Thursday, April 01, 2021

End of the World books, songs and movies and even some happy ones!

A roundup of fun and interesting news... plus music and flicks about that hoary-old topic that keeps fascinating... doomsday!

First something light. Coffee in Space: Politics with David Brin: Here's another podcast series to listen to... I've been giving a lot of these interviews. But if you haven't yet had enough of me ;-)!

Now how about analyzing war scenes from movies and TV shows, starting in a cool video with Admiral James Stavridis (ret.) and Elliot Ackerman (authors of 2034: A Novel of the Next World War) on Wired magazine. They have fun talking about what’s real and what is unlikely and a handful of different fascinating war movies from Doctor Strangelove to The Hunt for Red October.

Aaaaand a list of “50 great novels about apocalypse” includes some great, dire warnings.  Alas, there are far fewer novels that offer examples of hope. But yes, I’m high on the list.

See also: Best End of the World movies: 15 visions of the end times, including The Day After Tomorrow, I Am Legend, Independence Day. 

And...? A while back I opined a semi-random thought about end times. “You all know the song “It's the End of the World as We Know It (And I Feel Fine).” Way fun... but I mean I mean jeez, most of the pop and political figures run-off in the lyrics are completely obscure now! Either R.E.M. or their heirs should do a new version every decade or they should license it! Seriously, it's a public trust by now! And... why the heck not?

(And Billy Joel's "We Didn't Start the Fire" - again, should be updated at least every 10 years.) And yes, I’m “just sayin.”

Another apo-calypso is Genesis' "Land of Confusion". The delirious Reagan-era video they did with Spitting Image is *definitely* worth updating!

Also see: Apocamon: The Book of Revelation: The Final Judgment, posted online with wonderful illustrations by Patrick Farley!

Not enough doomsday for ya? Want more? Well then Contrary Brin Blogmunity member Yana offers this list:

Henry Burr - Last Night Was The End Of The World

Insane Clown Posse - Intro

DOA - Eve Of Destruction

Nick Cave - Red Right Hand

Smashing Pumpkins - Doomsday Clock

Arthur Brown - Prelude, Nightmare, Fanfare, Poem, Fire

Squirrel Nut Zippers - Hell

Ronald Reagan - We Begin Bombing In Five Minutes

Motorhead - Orgasmatron

Good Rats - Writing The Pages

Time Zone - World Destruction

David Bowie - Five Years

John R Butler - The Hand Of The Almighty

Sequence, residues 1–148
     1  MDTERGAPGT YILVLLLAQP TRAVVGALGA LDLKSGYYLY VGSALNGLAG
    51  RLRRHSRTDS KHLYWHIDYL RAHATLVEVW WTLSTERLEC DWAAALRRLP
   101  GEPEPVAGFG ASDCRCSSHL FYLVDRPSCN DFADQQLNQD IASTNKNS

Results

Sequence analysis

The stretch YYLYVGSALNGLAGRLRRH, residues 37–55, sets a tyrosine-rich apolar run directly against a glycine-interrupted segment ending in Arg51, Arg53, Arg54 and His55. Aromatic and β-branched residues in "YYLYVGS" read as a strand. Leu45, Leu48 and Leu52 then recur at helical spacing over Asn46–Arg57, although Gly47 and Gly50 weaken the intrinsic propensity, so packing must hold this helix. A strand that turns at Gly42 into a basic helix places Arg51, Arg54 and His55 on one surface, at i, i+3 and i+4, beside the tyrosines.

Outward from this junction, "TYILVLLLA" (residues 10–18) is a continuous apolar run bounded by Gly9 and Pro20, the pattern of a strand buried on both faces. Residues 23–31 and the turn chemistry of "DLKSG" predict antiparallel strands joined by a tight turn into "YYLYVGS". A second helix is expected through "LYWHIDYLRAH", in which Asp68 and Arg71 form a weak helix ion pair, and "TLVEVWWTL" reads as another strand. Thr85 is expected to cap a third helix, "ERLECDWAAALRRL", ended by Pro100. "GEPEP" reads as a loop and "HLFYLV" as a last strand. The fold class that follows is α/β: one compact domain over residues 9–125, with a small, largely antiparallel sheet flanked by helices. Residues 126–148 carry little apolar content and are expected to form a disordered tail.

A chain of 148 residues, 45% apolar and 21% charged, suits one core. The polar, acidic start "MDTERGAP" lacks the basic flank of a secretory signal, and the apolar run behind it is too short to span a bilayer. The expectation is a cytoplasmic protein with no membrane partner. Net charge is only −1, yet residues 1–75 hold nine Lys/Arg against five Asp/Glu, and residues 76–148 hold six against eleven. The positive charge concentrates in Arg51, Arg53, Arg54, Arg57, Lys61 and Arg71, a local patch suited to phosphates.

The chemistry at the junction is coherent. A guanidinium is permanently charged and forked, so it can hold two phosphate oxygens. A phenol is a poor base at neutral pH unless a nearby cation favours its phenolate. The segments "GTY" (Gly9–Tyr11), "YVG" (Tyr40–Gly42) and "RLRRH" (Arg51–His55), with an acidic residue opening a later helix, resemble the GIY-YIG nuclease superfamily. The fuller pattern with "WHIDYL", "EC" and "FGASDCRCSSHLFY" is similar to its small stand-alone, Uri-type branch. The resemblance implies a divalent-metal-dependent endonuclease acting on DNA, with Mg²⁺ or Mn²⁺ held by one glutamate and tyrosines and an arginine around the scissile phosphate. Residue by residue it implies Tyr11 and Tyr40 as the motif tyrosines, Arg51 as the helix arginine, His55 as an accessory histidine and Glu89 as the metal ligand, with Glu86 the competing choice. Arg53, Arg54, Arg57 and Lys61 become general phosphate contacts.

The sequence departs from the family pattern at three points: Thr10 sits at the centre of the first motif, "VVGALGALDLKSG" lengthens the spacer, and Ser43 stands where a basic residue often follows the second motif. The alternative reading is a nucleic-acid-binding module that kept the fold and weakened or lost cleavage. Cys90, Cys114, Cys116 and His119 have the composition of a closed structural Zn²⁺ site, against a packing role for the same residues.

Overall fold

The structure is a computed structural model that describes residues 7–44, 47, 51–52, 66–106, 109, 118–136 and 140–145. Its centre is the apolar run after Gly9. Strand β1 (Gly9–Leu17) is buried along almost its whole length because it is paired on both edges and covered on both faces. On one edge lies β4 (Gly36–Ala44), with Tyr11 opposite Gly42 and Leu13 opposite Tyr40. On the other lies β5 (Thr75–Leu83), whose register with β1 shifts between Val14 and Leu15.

Bad Religion - New Dark Ages

Coven - One Tin Soldier

Sons Of Abraham & Savior - Testament

Bright Eyes - Four Winds

Jethro Tull - Protect and Survive

Pink Floyd - Two Suns In the Sunset

Rush - Prelude from 2112

The Merry Minuet by the Kingston Trio

 "Aftermath" by Don McLean

And Tom Lehrer's "We'll All Go Together When We Go."

Though Daniel Duffy says The best "end of the world song" is "Five Years" by David Bowie."

And AF Rey offers us  Christopher Cross' "I'm Too Old for This" from his 2011 album Doctor Faith. ‘The tune is so-so, but the lyrics caught my attention.’

The willful ignorance across the nation
The screaming yahoos that rage on every station
It makes me crazy and I'm too old for this

Full lyrics here, -- and the music here.

And another member of the Contrary Brin blog community (one of the oldest and best on the web) - Jon S. - says “I vote for Rush's "A Farewell To Kings".

When they turn the pages of history

When these days have passed long ago

Will they read of us with sadness

For the things that we let grow?

We turned our face from the castles in the distance,

Eyes cast down on the path of least resistance

Cities full of hatred, fear, and lies

Withered hopes and cruel, tormented eyes

Scheming demons dressed in kingly guise

Beating down the multitudes and scoffing at the wise...

Here's a listing of 22 Doomsday Songs, many mentioned above - with links to videos.

== Short takes on fims==

We enjoyed Zootopia, animated by Disney.

In the film – “The Space Between Us” -- a woman on a mission to colonize Mars discovers after takeoff that she is pregnant.  And sixteen years later the child comes to Earth. Having watched the preview, I must ask: (1) Do you share with me the impression that this is a direct steal from Heinlein’s “Stranger In A Strange Land”? Milking the melodrama potential and poisoning the well for that classic to be filmed, while offering up none of the interesting contents of RAH’s classic? Your thoughts?

2) Beware. This preview, like so many others nowadays, simply tells the entire story.  All of it. The entire film. Beginning to end, encapsulated. Why do they do stuff like that?

Speaking of Star Wars, here's an interesting comment someone posted.

The Peacemaker – staring George Clooney and Nicole Kidman – deliberately defies the “idiot plot,” by showing institutions, public officials and professionals behaving as sincere and effective adults.

See a beautiful and fun and impressive example of the synthesis between human-created art forms and AI algorithms, all propelled by music.